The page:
In conversation with Simon Reynolds for The New York Times in 2013, the pair cited Brian De Palma’s glam-rock masterpiece Phantom of the Paradise as artistic inspiration for their decision to retain visual anonymity, and Daft Punk’s press-shy tendencies (since Homework , the interviews they’ve chosen to take part in have been few and far between) are firmly situated in a long tradition of letting the music do the talking in dance culture—from the sci-fi evasiveness of Drexciya and Aphex Twin ’s relative reclusiveness to the preferred reticence of Burial and his contemporaries in the UK bass scene.

But refusing to turn themselves into rock stars upon Homework ’s release also afforded Daft Punk a crucial element that has undoubtedly aided their perpetual ascent to the present-day: control. Retaining a sense of anonymity was but one of the conditions that the pair struck with Virgin upon signing to the label before Homework ’s release; while the music they released under the label (before signing to Columbia in 2013) was licensed exclusively to Virgin, they owned it through their own Daft Trax production and management company.

But Homework proved influential in other, more explicitly musical ways. G-house, an emergent dance subgenre in the mid-2010s dominated by acts like French duo Amine Edge & Dance, borrows liberally from Daft Punk’s own musical mash of hip-hop’s tough sounds and house music’s pounding appeal; the dirty bloghouse bruisers of Parisian collective Ed Banger—founded by Pedro Winter aka Busy P, who acted as the group’s manager until 2008—would literally not exist were it not for Homework , and that goes double for the party-hardy bloghouse micro-movement of the mid-late 2000s, which Ed Banger’s artists practically dominated. Parisian duo Justice , in particular, owe practically the entirety of their 2007 landmark † to the scraping tension of “Rollin’ & Scratchin’.”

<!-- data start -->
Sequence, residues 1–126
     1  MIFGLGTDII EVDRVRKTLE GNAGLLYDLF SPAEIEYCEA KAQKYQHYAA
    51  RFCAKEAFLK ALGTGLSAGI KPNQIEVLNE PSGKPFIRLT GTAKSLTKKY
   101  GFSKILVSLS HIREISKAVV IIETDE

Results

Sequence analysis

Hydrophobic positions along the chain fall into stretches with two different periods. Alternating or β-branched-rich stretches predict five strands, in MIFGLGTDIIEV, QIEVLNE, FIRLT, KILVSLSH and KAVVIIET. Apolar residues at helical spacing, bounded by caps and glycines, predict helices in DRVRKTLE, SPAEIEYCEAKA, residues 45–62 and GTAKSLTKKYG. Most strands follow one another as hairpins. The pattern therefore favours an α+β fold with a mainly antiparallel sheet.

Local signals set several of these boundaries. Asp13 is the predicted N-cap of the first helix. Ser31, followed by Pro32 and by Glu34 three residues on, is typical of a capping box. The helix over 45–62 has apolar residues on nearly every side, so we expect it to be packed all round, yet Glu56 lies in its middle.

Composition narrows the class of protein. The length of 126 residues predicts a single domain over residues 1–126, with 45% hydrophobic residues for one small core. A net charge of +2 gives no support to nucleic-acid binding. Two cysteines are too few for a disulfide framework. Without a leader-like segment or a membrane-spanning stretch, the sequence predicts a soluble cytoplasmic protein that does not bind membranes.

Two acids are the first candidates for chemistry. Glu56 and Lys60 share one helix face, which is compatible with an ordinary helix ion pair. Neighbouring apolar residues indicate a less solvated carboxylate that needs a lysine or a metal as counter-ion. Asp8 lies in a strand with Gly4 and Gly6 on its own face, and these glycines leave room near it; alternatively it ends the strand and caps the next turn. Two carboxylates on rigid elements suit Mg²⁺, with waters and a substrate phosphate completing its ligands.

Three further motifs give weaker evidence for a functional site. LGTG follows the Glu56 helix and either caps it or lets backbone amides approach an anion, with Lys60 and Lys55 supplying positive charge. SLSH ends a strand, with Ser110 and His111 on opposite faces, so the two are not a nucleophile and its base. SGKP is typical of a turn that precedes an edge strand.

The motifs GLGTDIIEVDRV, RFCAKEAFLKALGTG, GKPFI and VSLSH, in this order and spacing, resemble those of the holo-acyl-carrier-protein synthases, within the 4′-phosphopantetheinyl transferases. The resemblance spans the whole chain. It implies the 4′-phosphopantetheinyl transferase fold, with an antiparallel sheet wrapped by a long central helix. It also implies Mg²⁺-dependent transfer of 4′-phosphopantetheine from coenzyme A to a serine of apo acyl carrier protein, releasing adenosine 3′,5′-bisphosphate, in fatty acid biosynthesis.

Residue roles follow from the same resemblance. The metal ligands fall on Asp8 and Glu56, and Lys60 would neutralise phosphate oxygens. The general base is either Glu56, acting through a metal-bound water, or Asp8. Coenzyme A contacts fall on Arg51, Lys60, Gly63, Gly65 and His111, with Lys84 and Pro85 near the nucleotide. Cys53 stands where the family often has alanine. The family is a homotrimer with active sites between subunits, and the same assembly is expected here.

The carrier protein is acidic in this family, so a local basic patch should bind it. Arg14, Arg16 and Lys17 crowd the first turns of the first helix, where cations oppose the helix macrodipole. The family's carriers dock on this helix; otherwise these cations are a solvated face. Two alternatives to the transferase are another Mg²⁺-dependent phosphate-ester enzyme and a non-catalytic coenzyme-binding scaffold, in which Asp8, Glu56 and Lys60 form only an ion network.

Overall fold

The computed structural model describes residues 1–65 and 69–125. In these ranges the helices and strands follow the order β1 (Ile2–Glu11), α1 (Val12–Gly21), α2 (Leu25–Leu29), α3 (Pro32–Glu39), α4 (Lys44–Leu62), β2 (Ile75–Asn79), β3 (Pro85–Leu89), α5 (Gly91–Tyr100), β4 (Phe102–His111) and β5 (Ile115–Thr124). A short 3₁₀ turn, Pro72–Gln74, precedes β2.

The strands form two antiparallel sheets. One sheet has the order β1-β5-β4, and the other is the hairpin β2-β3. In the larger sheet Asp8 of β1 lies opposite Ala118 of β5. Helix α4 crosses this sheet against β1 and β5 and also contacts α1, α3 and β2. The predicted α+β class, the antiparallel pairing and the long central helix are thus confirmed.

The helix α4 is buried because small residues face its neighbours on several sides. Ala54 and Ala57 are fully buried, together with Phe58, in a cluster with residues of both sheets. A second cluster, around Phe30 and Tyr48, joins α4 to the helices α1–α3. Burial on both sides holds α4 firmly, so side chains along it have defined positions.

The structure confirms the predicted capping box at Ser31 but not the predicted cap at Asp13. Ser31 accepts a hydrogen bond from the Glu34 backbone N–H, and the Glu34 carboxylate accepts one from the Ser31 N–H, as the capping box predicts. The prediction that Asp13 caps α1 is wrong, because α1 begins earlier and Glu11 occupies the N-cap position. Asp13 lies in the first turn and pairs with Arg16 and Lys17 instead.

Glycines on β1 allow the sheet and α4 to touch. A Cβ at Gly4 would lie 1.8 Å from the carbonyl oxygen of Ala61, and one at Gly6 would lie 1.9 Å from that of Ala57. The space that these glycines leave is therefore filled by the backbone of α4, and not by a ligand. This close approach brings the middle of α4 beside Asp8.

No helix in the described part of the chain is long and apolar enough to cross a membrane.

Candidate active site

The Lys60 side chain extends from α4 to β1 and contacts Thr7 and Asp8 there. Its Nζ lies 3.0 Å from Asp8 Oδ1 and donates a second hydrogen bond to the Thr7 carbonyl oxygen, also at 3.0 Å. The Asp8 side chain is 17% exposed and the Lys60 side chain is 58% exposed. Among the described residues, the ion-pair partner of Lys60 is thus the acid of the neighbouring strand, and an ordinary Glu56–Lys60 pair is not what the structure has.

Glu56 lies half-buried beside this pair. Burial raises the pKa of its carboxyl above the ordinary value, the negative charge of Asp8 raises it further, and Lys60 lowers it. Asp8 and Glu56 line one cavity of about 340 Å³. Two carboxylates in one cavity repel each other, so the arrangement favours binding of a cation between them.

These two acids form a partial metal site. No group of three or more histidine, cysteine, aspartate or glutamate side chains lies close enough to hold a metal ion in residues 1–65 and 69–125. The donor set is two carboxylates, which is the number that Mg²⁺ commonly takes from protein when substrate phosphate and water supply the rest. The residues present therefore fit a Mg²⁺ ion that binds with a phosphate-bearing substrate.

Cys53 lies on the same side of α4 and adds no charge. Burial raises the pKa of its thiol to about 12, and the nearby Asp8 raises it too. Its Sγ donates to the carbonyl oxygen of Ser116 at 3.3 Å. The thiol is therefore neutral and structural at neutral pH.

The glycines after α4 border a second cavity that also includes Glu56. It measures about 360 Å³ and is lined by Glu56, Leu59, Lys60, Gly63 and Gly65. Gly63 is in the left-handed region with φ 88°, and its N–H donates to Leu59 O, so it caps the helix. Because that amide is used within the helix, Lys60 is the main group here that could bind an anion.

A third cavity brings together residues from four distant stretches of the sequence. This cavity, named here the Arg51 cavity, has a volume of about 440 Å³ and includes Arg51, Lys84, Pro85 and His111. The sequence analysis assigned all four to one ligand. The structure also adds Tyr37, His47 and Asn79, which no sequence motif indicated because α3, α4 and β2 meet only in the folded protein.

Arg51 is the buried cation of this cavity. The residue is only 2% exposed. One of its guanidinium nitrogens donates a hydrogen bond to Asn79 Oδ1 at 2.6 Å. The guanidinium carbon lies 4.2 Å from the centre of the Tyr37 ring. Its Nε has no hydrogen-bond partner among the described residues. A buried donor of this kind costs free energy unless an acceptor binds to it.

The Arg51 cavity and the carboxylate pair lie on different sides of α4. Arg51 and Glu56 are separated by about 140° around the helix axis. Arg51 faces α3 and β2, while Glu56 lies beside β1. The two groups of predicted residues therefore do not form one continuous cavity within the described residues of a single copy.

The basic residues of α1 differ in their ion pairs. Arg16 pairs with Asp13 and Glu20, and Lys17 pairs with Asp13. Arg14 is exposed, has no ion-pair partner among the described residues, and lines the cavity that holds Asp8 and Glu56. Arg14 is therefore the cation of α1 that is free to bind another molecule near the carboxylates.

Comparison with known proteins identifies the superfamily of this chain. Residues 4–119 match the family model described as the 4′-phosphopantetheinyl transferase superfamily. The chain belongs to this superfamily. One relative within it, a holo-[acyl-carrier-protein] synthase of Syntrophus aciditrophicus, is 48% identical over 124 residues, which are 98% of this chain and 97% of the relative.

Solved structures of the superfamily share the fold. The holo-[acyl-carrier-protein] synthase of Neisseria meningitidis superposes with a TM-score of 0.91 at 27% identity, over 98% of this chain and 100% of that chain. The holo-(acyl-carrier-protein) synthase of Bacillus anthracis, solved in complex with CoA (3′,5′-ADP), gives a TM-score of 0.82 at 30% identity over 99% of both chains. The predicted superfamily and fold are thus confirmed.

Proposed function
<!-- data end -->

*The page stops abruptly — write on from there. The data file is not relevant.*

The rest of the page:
It’s tempting, too, to tie a connective thread between Homework and the brash sounds that proliferated during the peak heyday of the financial descriptor-cum-music genre known as EDM; close your eyes while listening to “Alive”’s big-tent sweep and try not to imagine the tune destroying a festival crowd. But for all of Homework ’s aggressive charms, it’s also retained a homespun intimacy in comparison to how positively widescreen Daft Punk’s music became afterwards. “We focus on the illusion because giving away how it’s done instantly shuts down the sense of excitement and innocence,” Bangalter told Pitchfork in 2013, and the fact that two Beach Boys fans fiddling around in their bedroom could conceive of something so generously in-your-face and playful as Homework might still stand as Daft Punk’s greatest illusion yet.

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Daft Punk: Homework

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Homework: How Daft Punk Schooled Us In The Future Of Dance Music

Homework: How Daft Punk Schooled Us In The Future Of Dance Music

With their debut album, ‘Homework’, Daft Punk cemented their place in history, even while shaping what that history would become.

There are those who ride the waves of a scene, and there are those who create a new scene in the first place. Daft Punk have always been the latter, particularly in the formative years surrounding their debut album, Homework .

Listen to Homework here

Scrappy, raw and experimental.